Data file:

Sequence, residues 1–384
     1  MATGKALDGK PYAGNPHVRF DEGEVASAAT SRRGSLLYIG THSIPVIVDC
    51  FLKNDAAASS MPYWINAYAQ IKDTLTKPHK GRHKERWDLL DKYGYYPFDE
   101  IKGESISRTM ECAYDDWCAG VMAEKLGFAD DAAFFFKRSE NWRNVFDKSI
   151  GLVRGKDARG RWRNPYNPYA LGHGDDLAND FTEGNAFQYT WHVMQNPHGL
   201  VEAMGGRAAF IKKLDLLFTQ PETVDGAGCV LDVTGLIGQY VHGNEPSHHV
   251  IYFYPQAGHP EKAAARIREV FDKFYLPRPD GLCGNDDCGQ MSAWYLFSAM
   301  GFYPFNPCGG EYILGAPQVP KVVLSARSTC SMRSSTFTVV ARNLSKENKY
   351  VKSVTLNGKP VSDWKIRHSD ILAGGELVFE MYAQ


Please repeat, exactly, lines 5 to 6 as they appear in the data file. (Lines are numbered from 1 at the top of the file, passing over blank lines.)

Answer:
   151  GLVRGKDARG RWRNPYNPYA LGHGDDLAND FTEGNAFQYT WHVMQNPHGL
   201  VEAMGGRAAF IKKLDLLFTQ PETVDGAGCV LDVTGLIGQY VHGNEPSHHV